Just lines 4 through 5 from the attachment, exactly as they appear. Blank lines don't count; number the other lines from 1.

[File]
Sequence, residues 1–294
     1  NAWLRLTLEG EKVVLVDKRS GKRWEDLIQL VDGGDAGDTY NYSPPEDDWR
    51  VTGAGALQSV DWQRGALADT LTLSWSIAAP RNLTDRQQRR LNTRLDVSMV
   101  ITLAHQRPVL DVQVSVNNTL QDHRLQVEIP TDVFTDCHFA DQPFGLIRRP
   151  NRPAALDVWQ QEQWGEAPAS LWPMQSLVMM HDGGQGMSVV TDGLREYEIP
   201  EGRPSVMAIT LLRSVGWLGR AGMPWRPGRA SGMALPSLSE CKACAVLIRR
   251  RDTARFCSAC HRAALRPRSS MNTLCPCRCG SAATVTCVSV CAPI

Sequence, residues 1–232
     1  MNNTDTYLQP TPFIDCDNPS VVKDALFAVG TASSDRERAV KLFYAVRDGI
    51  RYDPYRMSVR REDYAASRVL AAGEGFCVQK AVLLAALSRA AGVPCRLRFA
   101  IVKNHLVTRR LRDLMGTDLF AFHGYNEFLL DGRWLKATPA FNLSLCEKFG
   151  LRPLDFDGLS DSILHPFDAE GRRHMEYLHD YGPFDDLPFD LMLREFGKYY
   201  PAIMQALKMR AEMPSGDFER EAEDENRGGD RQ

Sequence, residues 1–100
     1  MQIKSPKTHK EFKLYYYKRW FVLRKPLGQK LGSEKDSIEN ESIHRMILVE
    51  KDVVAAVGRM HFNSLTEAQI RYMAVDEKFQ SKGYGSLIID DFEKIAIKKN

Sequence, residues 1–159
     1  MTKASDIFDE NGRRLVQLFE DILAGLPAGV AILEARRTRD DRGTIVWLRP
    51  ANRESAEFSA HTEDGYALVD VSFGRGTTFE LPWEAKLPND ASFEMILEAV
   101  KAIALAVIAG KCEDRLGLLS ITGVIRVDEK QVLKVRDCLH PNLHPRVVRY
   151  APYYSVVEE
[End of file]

   101  ITLAHQRPVL DVQVSVNNTL QDHRLQVEIP TDVFTDCHFA DQPFGLIRRP
   151  NRPAALDVWQ QEQWGEAPAS LWPMQSLVMM HDGGQGMSVV TDGLREYEIP